When Junior Swartzell first opened his barbershop 60 years ago, there were three barbers in Royal Center.

He remembers they’d trade haircuts with each other, and Jack Baer would come in and ask him to straighten up his haircut because the “joker” across the street (Baer’s shop) messed it up.

“They were good guys,” the 81-year-old Swartzell said of Baer and Glen Parrish. “They helped me, and I helped them.”

Now, there’ll be no more barbers in Royal Center.

Swartzell has retired, and his home and shop next to it went up for sale and are being closed on.

For the last few years, he’d been the only barber left from Royal Center up to North Judson, he said.

“I’ll miss him,” said Mike Kitchell, who was Swartzell’s sixth customer in Royal Center and has been going back since he was about 14.

There will be a void not just because he’s gone to Swartzell so long but because they’re friends, Kitchell said.

“The old ways are leaving,” he added.

Swartzell grew up on a farm outside of town and graduated in 1958. He went to Indianapolis for barber school and Paul West in Logansport hired him right out of school. He also worked in Kokomo for a bit.

But he always intended to return to Royal Center, and in 1961, he did.

His first shop was downtown, although he later moved to the south, across from Pioneer High School, and had his shop in a small building just outside the family home.

When he started, he charged $1 for a haircut and eventually had four barbers in his shop.

At the end, he charged only $9, raising his price to that in June 2015.

Swartzell still has an original chair, red upholstery and with a matching booster seat for kids.

His customers often started in the booster.

“Mom and dad brought the kids in,” he said. “Most of my customers were young.”

He also did the hair work for the deceased at the funeral home.

“They never complained,” he said with a smile.

He most liked that the work kept him busy.

“The worst day is when you don’t have too many customers,” he said.

He also liked the people — “the majority,” he joked.

Kitchell said Swartzell was “just the typical barber, talked about everything in Royal Center.”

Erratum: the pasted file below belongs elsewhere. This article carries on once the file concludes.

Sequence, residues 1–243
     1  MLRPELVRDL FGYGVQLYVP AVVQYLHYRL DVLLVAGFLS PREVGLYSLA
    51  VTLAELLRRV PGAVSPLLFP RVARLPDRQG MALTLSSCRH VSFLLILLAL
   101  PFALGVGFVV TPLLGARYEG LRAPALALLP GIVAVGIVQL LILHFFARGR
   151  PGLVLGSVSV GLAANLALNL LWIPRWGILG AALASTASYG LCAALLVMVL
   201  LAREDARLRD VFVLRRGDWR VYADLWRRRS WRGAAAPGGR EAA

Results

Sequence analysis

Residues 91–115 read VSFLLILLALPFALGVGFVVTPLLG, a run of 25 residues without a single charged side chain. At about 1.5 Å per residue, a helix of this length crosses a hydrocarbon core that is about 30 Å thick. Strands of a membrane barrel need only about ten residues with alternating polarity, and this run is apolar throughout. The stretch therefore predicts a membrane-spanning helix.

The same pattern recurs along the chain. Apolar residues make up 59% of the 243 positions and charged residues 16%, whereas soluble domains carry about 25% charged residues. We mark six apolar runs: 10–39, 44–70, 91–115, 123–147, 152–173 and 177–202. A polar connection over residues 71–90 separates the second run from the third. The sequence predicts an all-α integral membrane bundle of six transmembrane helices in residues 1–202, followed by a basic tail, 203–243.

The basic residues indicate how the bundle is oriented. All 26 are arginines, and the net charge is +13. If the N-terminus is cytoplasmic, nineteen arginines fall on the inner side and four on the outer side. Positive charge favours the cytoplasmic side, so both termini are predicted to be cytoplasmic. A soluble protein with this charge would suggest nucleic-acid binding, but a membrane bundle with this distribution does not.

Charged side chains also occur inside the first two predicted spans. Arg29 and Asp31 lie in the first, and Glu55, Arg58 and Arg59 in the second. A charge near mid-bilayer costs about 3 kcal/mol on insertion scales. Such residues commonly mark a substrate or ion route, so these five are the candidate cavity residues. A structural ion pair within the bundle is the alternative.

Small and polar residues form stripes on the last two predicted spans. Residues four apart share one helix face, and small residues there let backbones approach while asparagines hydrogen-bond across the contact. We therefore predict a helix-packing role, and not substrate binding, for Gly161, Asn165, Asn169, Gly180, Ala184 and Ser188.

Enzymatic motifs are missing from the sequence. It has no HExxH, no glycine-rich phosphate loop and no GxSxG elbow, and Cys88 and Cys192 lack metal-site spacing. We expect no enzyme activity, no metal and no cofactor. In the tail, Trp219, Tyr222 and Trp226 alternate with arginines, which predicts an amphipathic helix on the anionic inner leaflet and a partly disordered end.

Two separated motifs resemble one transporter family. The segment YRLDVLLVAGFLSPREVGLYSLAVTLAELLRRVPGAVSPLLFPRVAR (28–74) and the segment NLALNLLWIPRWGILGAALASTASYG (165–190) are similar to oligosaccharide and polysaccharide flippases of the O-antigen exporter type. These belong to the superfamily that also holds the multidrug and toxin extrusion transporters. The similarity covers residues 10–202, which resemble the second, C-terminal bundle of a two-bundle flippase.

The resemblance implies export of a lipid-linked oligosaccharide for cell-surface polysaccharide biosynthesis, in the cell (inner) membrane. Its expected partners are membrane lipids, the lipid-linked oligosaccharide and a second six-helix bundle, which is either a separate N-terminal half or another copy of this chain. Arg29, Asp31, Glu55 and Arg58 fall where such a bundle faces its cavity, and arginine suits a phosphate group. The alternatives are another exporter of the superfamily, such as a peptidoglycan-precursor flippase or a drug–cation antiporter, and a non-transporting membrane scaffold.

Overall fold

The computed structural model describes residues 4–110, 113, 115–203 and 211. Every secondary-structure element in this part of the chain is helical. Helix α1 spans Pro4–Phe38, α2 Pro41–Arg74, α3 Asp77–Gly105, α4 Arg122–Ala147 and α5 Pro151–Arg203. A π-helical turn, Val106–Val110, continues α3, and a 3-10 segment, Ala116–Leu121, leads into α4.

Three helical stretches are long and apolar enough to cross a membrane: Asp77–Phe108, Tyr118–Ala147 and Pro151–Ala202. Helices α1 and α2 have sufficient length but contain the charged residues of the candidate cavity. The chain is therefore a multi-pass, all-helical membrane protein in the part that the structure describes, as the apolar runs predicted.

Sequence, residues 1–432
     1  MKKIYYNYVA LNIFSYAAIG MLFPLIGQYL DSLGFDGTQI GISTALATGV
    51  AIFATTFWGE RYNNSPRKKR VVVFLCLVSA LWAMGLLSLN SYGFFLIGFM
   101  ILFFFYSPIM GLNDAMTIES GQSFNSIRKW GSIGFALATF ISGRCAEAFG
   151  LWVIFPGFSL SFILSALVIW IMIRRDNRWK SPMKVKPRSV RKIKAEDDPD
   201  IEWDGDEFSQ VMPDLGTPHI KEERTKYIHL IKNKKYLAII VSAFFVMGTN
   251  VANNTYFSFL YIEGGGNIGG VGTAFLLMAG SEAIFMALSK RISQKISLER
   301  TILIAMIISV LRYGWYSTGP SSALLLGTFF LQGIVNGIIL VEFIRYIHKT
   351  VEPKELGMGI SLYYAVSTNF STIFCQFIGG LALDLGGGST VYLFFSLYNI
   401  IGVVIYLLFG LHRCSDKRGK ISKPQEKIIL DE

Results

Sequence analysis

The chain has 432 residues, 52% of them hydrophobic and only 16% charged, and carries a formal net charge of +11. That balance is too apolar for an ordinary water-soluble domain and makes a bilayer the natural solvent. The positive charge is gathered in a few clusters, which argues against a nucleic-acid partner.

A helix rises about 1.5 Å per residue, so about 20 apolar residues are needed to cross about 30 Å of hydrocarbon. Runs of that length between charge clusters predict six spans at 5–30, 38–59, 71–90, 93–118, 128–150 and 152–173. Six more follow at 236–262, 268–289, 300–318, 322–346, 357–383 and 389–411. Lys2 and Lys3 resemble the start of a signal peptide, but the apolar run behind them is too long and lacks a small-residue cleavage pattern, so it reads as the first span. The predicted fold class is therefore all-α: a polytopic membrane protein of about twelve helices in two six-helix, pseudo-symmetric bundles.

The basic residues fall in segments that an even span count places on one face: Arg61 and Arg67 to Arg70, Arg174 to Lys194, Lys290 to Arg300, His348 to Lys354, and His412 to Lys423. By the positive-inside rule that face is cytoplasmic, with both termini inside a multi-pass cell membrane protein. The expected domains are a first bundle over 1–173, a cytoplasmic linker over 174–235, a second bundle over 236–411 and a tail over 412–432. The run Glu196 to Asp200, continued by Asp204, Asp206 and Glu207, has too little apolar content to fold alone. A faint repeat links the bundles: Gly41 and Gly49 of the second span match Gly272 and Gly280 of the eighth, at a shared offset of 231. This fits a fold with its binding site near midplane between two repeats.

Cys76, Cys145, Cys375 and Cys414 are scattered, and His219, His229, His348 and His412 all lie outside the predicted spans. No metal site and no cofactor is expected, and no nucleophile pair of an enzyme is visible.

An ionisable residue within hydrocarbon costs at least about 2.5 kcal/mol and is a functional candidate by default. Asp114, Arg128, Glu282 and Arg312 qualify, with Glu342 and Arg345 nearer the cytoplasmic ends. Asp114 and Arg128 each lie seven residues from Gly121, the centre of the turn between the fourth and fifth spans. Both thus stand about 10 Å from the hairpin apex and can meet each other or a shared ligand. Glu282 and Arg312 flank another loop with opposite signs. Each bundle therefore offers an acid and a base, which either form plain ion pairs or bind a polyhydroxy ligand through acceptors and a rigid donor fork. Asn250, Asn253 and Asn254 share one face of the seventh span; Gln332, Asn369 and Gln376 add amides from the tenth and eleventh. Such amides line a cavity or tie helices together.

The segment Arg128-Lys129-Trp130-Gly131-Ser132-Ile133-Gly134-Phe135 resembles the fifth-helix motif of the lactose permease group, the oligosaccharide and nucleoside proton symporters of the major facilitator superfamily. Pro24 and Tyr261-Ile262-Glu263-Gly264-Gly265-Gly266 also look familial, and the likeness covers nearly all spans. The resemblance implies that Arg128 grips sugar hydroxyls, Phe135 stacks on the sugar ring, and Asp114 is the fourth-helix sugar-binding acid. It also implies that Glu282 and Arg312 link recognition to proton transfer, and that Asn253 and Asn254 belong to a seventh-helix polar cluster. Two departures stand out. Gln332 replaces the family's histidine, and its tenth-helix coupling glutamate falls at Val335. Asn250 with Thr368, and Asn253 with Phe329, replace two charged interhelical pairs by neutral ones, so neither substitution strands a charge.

He knew everything happening in the town and knew a little about everything because people would come in and chat about their projects.

“It was fun just to go sit and talk with him,” Kitchell said. “He usually had a good joke — fairly new. He was an easy person to talk to.”

“It was fun to just go sit around with the fellers.”

Dick Roller had been a customer for about 35 years and knew Swartzell since high school.

“He’s just a friendly guy, and I could get right into him, no problem,” said Roller.

Customers would call him, and he’d meet them at the shop, and Roller would often stay a half hour and talk with Swartzell.

Howard Goodrich, who went to him for 35 to 40 years and was in the same church, said, “I’ve just always known him.”

It’s definitely the end of an era, Goodrich said.

Kitchell said, “About all his clientele was repeat.”

He also knew what they liked.

“I didn’t have to tell him,” Kitchell said. “I sat down in the chair, he trimmed it and it was over.”

During the harvest season, Swartzell took customers up to 10 p.m.

“They’d work in the field until dark,” he said. “You knew they’re going to be coming. You expect it.”

On occasion, he’d have his dinner behind the chair while working.

Towards the end, some customers drove their lawnmowers in, and some he picked up and drove back home.

But over the years, fewer people just dropped in, especially in the last year, he said.

His son Brad Swartzell said that they joke that his daughter-in-law, Rashel Swartzell, has been taking his business with her Shear Design down the street.

Regular customers still came, including a few from Indianapolis.

They were salesmen and would stop on their way to Michigan City or northern towns, Swartzell said.

They didn’t know many barbershops like his.

“There’s still a call for barbers,” Swartzell said.

Besides being a barber, Swartzell was also on the town council in the 1970s and coached youth baseball when his three sons were in it.

He also drove school buses, getting up at 5 a.m. to start, going to his barber shop to work, driving the kids home, eating dinner and then working as school custodian.

“He was always timely for the kids, and you always felt like he’d take care of them,” said Casey Davenport, whose kids graduated in the first decade of this century.

He gave families his number in case the kids weren’t using the bus that day or something changed.

“You don’t have that too often,” she said.

Swartzell said when he was custodian, “I knew every kid in school.”

He was at every sporting event, and when someone forgot their homework, he had the key to let them in to get it.

Swartzell said he’s still not quite ready to close shop.

He plans to cut some hair part-time, and he’s taking his old barber chair with him.

“I’m going to slow down some, once I get established again,” he said.

But mostly, his grandkids keep him busy, he added.

Reach James D. Wolf Jr. at james.wolf@pharostribune.com or 574-732-5117

Twitter @JamesDWolfJr

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